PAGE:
For years, girls soccer has been an afterthought in Tooele County. It had served mainly as something to do between the end of the previous softball and track seasons and the start of basketball in the winter.
That’s definitely not the case anymore.
Stansbury nearly completed an improbable comeback against eventual Class 3A runner-up Logan in the state quarterfinals, while Tooele played semifinalist Ridgeline to a stalemate until the Riverhawks capitalized on a late penalty kick. A win by either Tooele or Stansbury would have sent them to the semis. A win by both would have pitted the two teams against each other, and guaranteed one of them a state trophy.
That is hard to believe given the state of Tooele County girls soccer in the not-too-distant past.
Tooele had fallen on hard times, having not won a postseason game since 1997 — or before any of the players on the 2016 roster were born. The Buffs were at nearly rock-bottom two years ago when coach Stephen Duggan took over, but Tooele was among the top teams in Class 3A this season with a team made up mainly of underclassmen.
While the Utah High School Activities Association’s realignment plan likely means the Buffaloes will make the jump to Class 4A next year, their experience from this season will prove invaluable as they try to take the next step. With leading scorer McKenna Banks coming back, as well as twins Abby and Emily Webber patrolling the midfield, look for Tooele to be right back in the thick of things.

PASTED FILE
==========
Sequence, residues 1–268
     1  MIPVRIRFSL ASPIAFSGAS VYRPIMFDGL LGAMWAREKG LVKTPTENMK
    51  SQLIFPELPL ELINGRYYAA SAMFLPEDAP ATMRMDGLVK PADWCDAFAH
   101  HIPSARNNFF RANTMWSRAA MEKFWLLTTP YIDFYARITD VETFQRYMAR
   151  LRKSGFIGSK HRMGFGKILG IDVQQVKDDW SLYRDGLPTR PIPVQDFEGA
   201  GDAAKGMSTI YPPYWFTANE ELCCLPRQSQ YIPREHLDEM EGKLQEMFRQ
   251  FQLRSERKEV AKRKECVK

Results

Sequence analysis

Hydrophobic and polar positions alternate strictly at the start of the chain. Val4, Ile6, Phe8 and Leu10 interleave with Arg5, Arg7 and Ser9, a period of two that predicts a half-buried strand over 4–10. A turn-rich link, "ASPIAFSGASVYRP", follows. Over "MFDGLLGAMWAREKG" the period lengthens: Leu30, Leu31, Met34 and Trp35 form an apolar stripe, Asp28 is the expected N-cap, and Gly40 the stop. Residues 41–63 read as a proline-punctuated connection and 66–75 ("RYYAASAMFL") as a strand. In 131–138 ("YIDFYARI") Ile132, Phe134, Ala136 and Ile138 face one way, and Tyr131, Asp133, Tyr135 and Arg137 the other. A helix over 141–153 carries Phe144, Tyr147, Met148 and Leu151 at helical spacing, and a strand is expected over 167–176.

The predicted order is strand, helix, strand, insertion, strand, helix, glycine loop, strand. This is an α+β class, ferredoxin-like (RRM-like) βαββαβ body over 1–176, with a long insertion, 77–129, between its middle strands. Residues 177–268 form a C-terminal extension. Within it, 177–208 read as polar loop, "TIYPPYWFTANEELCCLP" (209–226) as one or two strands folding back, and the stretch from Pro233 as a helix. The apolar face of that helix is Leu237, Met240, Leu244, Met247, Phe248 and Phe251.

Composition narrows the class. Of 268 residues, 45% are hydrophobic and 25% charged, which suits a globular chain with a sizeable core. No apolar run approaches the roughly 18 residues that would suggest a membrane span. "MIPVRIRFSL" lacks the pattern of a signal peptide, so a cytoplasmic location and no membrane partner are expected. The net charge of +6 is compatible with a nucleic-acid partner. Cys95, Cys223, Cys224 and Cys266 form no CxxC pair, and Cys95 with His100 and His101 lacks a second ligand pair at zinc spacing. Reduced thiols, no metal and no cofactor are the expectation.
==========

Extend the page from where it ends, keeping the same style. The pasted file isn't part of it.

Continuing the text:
Stansbury, the top program in Tooele County year-in and year-out, suddenly has company. That said, the Stallions return a ton of talent next season, including scorers Mackenzie Landward and Maddy Graber, and goalkeeper Kirsten Gaillard, and will be among the top teams once again in their new region. As it is, Stansbury almost erased a four-goal halftime deficit in this year’s quarterfinals against defending state champion Logan on the road, proving the Stallions aren’t afraid of anybody.
But one team that flew underneath the radar this season that should be confident going into 2017 is Grantsville. No longer will the Cowboys have to face teams from schools three times their size in region play. GHS was so undermanned that the Cowboys didn’t often get the chance to play junior-varsity games, robbing their younger players of valuable playing time. But the Cowboys, led by the likes of Ashley Wangsgard, Sarah Ellett and goalkeeper Savannah Thomas, among others, should be just fine in the new Class 3A, which likely will include some of the bigger schools from the current Class 2A to make for a more level playing field.
The success of Tooele County’s three schools on the soccer pitch can only help to influence younger girls to take up the sport. The crowds along the sidelines of local matches this season were larger than any I’ve seen for a girls soccer game before — and I had the opportunity to cover some of the best high-school soccer in the country when I lived in southern California a few years ago.
Tooele County is embracing the sport. Soon, one of its teams may be embracing a state trophy.
Darren Vaughan is the community news editor for the Transcript Bulletin. He could use some pointers from local varsity soccer coaches Stephen Duggan, Jeremy Alverson, Travis Lowry and Jacob Jones to refine his own soccer skills. Email him at firstname.lastname@example.org.